It’s the end (or perhaps when you read this, beginning) of another year. Wait a minute. What, exactly, does that mean? It only makes sense if you follow the Gregorian calendar (and needless to say, not everyone in the world does). Calendars are culture at its most influential and multi-layered . . . the calendar that tells us the year is ending contains traces of ancient Roman deities, Hebrew worship practices, various European emperors, and probably a few more cultures besides. And although it is wholly artificial, there’s no denying the feeling, as December ends and January begins, that something more momentous is happening than just another night turning to day.
So make a New Year’s resolution to share your thoughts with us: What do calendars make of the world?
Calendars say time is to be measured, and measured in several different ways: by the day; by the week; by the month; by the year. Of course, pocket calendars now measure time by the quarter hour or small yet if you feel the need.—deets johnson
(I think Deets covered a lot of ground already. so all my answers pertain to one particular calendar—my calendar of Benoit paintings.)
Benoit’s calendar assumes the world looks like and functions for New Yorker subscribers. One reads indoors on a fancy ottoman in February, begins to golf in March, catches butterflies in April, reads Proust on the beach in July, and so on.—Patton Dodd
A rhythm/cycle to the created order—how seasons such as Spring, Summer, Fall, and Winter play out vary depending on one’s “place on the globe.” None-the-less, rhythm/cycle exists in day/evening, sun/moon (lunar calendar), and the rule of given figures (e.g., Year of our Lord in BC/AD).—Thomas B. Grosh IV
Calendars assume 365 days in a year are broken into 12 months. I found myself fascinated by a “Christian Season’s Calendar” (http://www.thechristiancalendar.com/sample.htm) that breaks 365 days into Christian seasons. What if we marked the passing of time with “liturgical months”? We have a calendar like this on our refrigerator.—Pat Hastings
They assume that the world should be synchronized, that certain things must happen in certain intervals. Also, most wall calendars assume the world should be as peaceful as that snowy mountain stream in January or that flowering meadow in May.—deets johnson
Orderly, evenly organized, neatly spaced, that you know what’s coming up, and that life is predictable.—Theresa Grosh
If you’re an ancient Aztec, for instance, or Babylonian, Chinese, Celt, etc., calendars help you read the stars. And accordingly, gain a sense of order in a chaotic universe.—Paul Grant
Fey, wry moods to match each season. They can add a splash of colorful and humorous refinement to any room at a low price. (I mean this—I was always pleased to see my 2008 Benoit calendar in my otherwise drab office.)—Patton Dodd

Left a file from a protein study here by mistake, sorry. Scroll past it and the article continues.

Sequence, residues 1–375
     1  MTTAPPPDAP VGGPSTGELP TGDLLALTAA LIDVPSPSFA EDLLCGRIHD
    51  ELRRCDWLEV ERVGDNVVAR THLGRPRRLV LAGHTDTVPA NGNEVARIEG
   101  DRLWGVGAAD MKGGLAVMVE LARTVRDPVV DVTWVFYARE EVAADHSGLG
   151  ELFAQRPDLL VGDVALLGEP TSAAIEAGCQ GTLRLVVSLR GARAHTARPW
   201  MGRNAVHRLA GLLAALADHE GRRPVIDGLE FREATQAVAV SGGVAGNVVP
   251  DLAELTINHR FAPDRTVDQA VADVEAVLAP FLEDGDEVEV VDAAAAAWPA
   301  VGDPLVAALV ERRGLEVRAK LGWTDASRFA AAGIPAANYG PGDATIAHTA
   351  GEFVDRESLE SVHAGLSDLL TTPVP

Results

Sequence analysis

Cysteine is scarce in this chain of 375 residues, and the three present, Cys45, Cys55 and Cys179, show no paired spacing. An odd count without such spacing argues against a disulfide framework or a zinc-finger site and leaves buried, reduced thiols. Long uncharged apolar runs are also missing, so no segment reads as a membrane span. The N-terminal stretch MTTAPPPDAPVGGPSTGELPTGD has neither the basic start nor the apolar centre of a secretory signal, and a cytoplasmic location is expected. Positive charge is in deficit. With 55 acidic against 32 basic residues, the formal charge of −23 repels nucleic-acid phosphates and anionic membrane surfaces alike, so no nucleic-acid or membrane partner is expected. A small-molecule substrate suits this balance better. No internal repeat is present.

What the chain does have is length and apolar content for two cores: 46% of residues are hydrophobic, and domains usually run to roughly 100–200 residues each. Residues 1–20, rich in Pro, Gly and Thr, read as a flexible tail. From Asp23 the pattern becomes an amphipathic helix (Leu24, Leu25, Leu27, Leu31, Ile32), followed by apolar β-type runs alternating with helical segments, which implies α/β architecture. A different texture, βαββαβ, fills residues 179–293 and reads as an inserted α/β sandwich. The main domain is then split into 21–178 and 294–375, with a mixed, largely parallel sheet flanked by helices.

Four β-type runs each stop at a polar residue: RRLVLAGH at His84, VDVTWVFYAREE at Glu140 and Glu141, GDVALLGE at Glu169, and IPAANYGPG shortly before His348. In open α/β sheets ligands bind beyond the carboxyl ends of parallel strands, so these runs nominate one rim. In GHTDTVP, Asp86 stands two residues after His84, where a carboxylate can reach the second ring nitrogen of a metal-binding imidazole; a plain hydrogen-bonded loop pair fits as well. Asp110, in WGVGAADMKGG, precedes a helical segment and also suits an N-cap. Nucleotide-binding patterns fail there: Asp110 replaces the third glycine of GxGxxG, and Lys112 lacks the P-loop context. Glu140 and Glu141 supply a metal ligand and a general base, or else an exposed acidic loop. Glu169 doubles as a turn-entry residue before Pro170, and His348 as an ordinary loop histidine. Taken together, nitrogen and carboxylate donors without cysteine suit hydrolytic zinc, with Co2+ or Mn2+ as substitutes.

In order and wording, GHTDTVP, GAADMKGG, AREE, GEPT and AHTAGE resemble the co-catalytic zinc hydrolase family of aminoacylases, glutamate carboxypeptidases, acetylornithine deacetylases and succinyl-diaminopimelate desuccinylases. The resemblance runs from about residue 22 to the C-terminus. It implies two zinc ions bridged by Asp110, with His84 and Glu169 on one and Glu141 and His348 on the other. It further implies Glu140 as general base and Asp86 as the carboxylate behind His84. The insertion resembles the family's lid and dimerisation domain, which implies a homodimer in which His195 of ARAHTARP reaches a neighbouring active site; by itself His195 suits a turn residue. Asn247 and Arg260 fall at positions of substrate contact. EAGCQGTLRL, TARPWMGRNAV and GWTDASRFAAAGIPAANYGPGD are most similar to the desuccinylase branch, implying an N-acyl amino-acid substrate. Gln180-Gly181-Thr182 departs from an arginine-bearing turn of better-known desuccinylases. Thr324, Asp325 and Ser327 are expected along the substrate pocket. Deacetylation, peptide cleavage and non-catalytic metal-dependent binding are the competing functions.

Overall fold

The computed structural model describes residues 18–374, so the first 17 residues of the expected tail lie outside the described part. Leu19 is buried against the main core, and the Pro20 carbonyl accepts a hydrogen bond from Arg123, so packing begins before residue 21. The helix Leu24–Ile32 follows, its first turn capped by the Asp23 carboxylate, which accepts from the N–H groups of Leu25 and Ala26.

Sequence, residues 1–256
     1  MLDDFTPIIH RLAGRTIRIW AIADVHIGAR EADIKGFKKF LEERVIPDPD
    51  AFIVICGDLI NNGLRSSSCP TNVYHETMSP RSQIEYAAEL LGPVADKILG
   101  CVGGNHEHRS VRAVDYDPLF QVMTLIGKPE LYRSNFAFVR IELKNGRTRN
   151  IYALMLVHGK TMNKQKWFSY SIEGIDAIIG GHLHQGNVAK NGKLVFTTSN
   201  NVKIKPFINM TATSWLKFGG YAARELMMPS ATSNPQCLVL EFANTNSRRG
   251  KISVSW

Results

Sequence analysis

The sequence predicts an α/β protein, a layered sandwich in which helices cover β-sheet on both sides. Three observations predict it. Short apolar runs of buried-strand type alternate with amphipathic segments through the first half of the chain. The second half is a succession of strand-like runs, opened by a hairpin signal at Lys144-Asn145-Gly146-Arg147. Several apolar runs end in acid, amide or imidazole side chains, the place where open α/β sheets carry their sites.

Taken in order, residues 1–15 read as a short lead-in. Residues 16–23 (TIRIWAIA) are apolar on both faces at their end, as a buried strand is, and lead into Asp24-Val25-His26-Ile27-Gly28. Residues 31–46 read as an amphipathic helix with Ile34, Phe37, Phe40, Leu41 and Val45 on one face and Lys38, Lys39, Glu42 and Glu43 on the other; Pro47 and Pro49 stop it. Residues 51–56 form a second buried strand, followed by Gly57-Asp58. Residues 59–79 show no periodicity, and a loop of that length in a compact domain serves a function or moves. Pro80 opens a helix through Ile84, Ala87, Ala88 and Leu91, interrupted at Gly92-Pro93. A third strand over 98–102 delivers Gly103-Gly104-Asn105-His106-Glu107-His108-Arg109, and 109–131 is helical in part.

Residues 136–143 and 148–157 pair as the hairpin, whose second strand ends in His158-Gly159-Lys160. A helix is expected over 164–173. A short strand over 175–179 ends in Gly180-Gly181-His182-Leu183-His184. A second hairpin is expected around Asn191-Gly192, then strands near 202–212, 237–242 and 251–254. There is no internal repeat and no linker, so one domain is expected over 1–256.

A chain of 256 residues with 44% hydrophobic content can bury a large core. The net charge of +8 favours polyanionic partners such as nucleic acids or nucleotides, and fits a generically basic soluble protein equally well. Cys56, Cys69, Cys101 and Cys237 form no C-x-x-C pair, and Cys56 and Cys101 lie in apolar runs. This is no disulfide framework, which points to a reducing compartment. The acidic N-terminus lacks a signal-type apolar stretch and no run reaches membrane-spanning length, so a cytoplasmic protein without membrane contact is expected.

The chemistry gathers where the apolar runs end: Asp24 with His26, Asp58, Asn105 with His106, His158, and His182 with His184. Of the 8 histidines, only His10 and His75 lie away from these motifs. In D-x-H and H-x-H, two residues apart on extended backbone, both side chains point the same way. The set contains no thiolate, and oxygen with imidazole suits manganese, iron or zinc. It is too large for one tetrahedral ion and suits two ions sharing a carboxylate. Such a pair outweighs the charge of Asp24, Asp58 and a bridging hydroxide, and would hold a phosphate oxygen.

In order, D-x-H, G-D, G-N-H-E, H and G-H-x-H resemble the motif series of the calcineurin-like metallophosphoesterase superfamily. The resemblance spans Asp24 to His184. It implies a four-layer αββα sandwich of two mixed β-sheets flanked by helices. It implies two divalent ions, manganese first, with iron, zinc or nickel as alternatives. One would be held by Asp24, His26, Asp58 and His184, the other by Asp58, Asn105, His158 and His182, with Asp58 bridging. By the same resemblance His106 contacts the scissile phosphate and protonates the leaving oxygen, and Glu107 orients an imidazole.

Enter into the cycle/rhythm of the created order.
For example, in Lancaster County, PA, we follow the rhythm/cycle in the created order as to when we till, sow/plant, water, follow growth, harvest, share produce. There are dates which are generally true for various parts of the process depending on the particular crop and field, one resource that has become well know is the Farmer’s Almanac, see http://www.almanac.com/garden/plantingtable/index.php ...—Thomas B. Grosh IV
This one made time management difficult, allowing very little space to write on any particular day.—Patton Dodd
To forget the cycles of creation (example in #3) and cultural remembrance, for example as we return to birthdays we are reminded of the patterns of birth, growth, maturation, and death in our own life and those of others. Cultural events frame a given year and societal cycles which remind us what is happening around us (even if we don’t participate in a major holiday it’s good to remember that the store will be closed on that day): such as New Year’s Eve/Day, Martin Luther King Jr. Day, Valentine’s Day, President’s Day, Memorial Day, 4th of July, Labor Day, Thanksgiving, religious holidays including Easter/Christmas.—Thomas B. Grosh IV
Calendars are responsible in part the culture of the crackberry addict and over-scheduled 12 year old. Calendars also create a holiday that has no other purpose other than celebrating the hanging of the next book of peaceful photographs and tabulated dates.—deets johnson
This old-style calendar—hanging from a push pin, flipped once a month—helped solidify an end to this style of calendar in my home. We’ve always bought these calendars, as a matter of course. But it could not contain enough information to be very useful, and was thus merely (slightly sloppy) wall art. Now, I’m looking at that blank space on my wall, and thinking of getting around to that small painting I’ve been inclined to work on.—Patton Dodd
Many different forms of calendar have been created to address a number of interests and concerns.
Personally, I use a google calendar alongside some facebook event pages to keep others informed about my work. My wife and I share two simple 8.5” x 11” calendars received for free from a local bank. The calendar lacks pictures, and sports large open spaces for each day. I carry one copy with me in my backpack and the other is on the refrigerator. For space reasons, my wife carries an appointment book calendar in her purse.
Two of our kids enjoy the push-pin big picture calendars given to them by relatives. I consider these calendars ‘training’ exercises for ‘finding our place’ as we largely use their school lunch/cycle day calendar and school agenda (a column in which to record homework/activities for each day) to keep track of their responsibilities on a given day.—Thomas B. Grosh IV